Although the chart is a little complex, using it to calculate changes in relative humidity is easy.  To figure out what your indoor humidity would be based only on outdoor temperature and outdoor relative humidity, you find the outdoor temperature at the bottom, follow that line straight up to where it meets the relative humidity curve, then move right or left until you hit the indoor temperature, then extrapolate the new relative humidity by finding the nearest curves.  The red lines in the example (right, click on image for larger version) are lines of constant water content, but changing temperature.  Where they hit the leftmost curve is the dew point.  It can be read both ways, so using the lower most red line, we find that air at 23F and 100% humidity, will be at 15% humidity when brought to 70F, or reading in reverse, if the room temperature air is 15% humidity, it won't condense till 23F.  Moving further to the third red line from the bottom, we see that 70F air with 60% relative humidity will start condensing at 55F: reading that in reverse, the implication is that 55F air at 100% humidity will result in somewhat high interior humidity even at 70F indoors, and that this situation is not uncommon in the fog belt on the US pacific coast.  Finally, at the top we find the 95F at 60% humidity will condense at about 75F.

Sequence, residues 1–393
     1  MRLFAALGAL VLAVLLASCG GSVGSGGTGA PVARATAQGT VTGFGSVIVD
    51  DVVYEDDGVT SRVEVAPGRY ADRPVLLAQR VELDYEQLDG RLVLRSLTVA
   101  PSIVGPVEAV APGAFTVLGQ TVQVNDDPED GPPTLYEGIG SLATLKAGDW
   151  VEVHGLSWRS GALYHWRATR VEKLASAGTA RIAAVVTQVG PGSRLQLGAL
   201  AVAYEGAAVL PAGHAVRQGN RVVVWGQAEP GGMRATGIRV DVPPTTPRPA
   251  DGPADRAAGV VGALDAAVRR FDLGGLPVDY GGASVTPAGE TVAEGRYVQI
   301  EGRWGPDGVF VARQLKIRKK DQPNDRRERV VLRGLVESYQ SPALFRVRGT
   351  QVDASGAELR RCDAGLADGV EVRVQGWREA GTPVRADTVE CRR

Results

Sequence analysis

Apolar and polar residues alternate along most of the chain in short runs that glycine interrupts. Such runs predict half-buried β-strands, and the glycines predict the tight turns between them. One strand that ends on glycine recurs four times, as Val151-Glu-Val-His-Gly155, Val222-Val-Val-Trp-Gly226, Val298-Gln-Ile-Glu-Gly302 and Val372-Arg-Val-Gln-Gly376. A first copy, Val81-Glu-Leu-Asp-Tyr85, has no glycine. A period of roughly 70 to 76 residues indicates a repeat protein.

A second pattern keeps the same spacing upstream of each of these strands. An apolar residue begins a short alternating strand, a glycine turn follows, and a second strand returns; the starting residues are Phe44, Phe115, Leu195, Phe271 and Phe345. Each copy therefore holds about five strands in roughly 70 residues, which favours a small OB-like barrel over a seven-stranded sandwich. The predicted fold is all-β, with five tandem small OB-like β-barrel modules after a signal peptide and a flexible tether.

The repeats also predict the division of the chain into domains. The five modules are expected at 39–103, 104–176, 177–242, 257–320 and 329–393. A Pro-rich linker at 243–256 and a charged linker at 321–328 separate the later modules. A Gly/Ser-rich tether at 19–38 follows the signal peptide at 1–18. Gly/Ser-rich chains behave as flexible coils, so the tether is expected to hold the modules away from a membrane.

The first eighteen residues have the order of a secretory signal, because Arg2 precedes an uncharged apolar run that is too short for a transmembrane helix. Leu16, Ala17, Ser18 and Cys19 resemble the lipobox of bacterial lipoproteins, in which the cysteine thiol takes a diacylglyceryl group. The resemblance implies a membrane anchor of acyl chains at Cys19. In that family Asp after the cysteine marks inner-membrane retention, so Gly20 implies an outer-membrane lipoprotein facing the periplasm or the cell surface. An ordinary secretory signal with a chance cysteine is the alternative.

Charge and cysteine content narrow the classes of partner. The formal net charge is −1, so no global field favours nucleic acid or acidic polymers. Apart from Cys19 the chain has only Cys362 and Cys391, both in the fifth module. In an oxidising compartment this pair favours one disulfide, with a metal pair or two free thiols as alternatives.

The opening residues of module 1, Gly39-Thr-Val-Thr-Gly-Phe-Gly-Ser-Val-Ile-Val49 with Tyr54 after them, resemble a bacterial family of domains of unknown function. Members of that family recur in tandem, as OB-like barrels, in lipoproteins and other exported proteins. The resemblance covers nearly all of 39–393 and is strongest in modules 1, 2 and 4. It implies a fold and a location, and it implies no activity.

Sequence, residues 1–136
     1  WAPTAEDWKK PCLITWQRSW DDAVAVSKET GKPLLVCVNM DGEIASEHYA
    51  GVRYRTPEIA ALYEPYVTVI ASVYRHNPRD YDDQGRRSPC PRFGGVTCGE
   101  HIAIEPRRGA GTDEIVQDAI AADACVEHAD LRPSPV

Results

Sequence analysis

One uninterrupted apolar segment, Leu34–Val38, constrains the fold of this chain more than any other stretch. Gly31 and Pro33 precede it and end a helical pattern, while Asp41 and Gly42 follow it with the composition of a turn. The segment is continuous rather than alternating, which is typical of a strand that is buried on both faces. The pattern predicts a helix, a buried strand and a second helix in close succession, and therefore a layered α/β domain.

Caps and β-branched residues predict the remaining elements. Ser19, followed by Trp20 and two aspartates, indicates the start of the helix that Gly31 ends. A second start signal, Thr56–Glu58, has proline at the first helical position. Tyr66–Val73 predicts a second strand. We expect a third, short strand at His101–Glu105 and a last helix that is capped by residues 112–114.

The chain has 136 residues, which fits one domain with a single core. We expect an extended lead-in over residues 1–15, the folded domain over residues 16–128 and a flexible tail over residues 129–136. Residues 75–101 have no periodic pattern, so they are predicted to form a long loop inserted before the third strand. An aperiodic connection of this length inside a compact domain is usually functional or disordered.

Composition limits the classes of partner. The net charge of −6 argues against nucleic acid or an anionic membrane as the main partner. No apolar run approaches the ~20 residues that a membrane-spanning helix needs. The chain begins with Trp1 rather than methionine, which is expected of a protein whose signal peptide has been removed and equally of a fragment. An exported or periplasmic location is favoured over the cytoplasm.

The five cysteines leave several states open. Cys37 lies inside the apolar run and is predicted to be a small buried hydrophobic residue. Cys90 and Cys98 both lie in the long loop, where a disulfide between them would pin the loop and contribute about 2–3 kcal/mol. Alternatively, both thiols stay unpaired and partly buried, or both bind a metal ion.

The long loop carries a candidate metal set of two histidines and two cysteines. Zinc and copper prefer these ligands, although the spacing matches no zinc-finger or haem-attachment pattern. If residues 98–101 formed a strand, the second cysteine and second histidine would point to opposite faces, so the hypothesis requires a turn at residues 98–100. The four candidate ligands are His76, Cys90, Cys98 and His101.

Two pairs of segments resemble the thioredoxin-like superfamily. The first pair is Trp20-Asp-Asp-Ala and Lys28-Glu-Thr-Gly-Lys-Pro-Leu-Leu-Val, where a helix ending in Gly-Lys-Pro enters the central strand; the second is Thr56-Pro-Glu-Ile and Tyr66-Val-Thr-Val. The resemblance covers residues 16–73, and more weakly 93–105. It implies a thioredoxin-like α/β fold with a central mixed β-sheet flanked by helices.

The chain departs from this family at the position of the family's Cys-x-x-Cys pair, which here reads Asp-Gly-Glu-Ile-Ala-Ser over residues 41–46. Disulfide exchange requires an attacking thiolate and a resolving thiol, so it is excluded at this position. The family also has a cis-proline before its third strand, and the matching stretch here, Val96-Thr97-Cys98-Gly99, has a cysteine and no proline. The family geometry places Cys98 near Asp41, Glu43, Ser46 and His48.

Vapor Movement via Air

Water vapor, being a gas is a component of air, and so any air movement means water vapor movement.  Even air moving very slowly, say at slow walking pace (1 mph or 1.5kph) will move far more moisture than vapor diffusion--the later moves more at speed that is similar to evaporation.

Vapor Movement via Diffusion